The core of the body has received a great deal of attention in the past few years; more and more, strength coaches are linking core strength with athletics performance. But what is the core and why is it important?
Essentially, the core is the "center of the body" and the core musculature is made up of the muscles that surround the body's center of mass. These include the abdominal muscles, lower back muscles, and many of the muscles that control the hips and pelvis.
The exercises presented in this section are designed to strengthen all aspects of the core. Keep in mind that it is important to strengthen all components of the core. The strength imbalances that can result from doing all abdominal exercises and none for the lower back, or vice versa, can lead to injuries and lost playing time.
Exercise: Medicine Ball & Diagonal Pull-Overs
Exercise: Quadruped Alternate Limb Extension
Rotator Cuff and Shoulder Blade Stabilization
In this article we want to focus on the shoulder and muscles that stabilize that joint. When you talk about tennis and the shoulder the first thing that likely comes to mind is the rotator cuff. The rotator cuff is important in tennis, but often times strength imbalances exist within the rotator cuff that can lead to injury. Most notably, tennis players tend to be weak in the muscles that externally rotate the shoulder. External rotation is an outward rotation and is the opposite of the shoulder motion players make when they serve or hit a forehand. To improve strength of the external rotators you can perform the exercises described in this section of the web page. This exercise should be performed with the dominant arm, but should really be performed with both arms if time permits.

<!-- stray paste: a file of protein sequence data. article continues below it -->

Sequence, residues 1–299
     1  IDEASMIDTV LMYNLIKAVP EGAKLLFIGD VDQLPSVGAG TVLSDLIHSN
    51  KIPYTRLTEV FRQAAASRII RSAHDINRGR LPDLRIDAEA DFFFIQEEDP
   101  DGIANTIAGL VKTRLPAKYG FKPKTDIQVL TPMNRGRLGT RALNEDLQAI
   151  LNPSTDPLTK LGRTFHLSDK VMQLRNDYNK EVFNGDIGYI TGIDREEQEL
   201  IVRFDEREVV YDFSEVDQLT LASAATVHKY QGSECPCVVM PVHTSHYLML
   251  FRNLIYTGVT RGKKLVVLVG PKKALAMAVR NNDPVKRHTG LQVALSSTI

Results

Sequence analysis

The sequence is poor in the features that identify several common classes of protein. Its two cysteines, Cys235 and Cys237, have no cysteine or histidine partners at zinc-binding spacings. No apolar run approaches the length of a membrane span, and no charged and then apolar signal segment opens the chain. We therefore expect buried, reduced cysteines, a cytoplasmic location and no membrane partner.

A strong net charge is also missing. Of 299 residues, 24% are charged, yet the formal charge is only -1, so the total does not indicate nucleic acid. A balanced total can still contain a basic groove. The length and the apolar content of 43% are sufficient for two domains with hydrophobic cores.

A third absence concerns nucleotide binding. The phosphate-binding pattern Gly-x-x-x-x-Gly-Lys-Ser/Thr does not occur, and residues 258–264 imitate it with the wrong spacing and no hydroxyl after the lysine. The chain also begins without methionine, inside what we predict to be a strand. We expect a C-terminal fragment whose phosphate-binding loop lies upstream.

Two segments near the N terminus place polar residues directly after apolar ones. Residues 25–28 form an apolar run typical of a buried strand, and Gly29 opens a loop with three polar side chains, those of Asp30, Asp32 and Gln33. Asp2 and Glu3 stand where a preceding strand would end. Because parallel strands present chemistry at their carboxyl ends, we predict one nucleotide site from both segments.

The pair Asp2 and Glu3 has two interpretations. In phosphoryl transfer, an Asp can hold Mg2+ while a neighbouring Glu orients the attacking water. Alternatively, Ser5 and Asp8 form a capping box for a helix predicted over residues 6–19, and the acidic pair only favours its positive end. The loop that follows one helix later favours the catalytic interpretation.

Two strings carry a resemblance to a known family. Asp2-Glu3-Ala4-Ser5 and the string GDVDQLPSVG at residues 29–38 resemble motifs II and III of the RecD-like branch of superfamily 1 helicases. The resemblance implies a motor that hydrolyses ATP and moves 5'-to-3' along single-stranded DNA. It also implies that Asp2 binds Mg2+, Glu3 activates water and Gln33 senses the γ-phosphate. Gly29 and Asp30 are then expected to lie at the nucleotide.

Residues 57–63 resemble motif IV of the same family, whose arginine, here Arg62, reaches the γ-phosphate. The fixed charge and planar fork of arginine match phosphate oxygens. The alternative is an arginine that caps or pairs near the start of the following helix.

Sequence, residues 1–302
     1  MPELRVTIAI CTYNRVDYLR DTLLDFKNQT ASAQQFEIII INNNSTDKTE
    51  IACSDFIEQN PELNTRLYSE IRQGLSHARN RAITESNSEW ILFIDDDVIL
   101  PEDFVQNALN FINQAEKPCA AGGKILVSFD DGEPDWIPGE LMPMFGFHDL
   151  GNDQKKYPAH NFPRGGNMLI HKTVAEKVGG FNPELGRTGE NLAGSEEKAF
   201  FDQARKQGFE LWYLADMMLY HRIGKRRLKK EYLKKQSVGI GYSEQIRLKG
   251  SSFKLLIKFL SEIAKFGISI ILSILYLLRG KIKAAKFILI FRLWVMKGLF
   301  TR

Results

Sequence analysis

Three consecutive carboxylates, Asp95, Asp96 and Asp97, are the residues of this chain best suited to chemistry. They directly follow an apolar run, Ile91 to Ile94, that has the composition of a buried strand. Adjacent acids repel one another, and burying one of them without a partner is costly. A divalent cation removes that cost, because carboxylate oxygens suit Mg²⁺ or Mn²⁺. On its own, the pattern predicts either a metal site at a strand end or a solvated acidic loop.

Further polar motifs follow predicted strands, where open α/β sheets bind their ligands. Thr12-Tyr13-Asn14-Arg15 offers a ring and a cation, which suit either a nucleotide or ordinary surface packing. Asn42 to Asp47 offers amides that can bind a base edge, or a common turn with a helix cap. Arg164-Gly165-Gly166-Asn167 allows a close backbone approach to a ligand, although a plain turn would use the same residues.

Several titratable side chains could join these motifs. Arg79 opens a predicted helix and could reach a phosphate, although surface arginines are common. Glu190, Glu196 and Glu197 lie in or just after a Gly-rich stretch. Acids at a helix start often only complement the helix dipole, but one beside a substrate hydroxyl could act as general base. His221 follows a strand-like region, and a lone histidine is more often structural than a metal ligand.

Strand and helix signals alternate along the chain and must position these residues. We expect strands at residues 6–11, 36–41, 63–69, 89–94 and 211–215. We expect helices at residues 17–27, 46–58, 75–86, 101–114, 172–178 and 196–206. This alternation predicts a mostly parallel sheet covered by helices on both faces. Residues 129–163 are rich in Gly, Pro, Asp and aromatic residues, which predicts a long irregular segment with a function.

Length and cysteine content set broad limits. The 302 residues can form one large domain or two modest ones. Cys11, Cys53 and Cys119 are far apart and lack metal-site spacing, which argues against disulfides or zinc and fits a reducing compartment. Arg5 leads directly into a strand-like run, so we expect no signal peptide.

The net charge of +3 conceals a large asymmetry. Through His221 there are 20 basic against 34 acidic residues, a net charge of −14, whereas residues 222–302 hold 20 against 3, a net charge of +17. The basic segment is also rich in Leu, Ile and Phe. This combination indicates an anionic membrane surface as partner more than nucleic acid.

Not many people think of the upper back when considering how to strengthen and protect the shoulder. But try this simple drill. Place your hand on the shoulder blades of a player and ask him to raise his arms. Can you feel the shoulder blades move? Shoulder movement is very complex and involves movement of the shoulder blade as well as the actual shoulder joint itself. Weakness in the upper back muscles that stabilize the shoulder blades can cause the shoulder to function improperly and may actually contribute to shoulder pain. Exercises that train the stabilizers of the shoulder blade can help tennis players optimize performance and avoid shoulder injury.
Exercise: Standing External Rotation with Elastic Band
Exercise: Straight Arm Rowing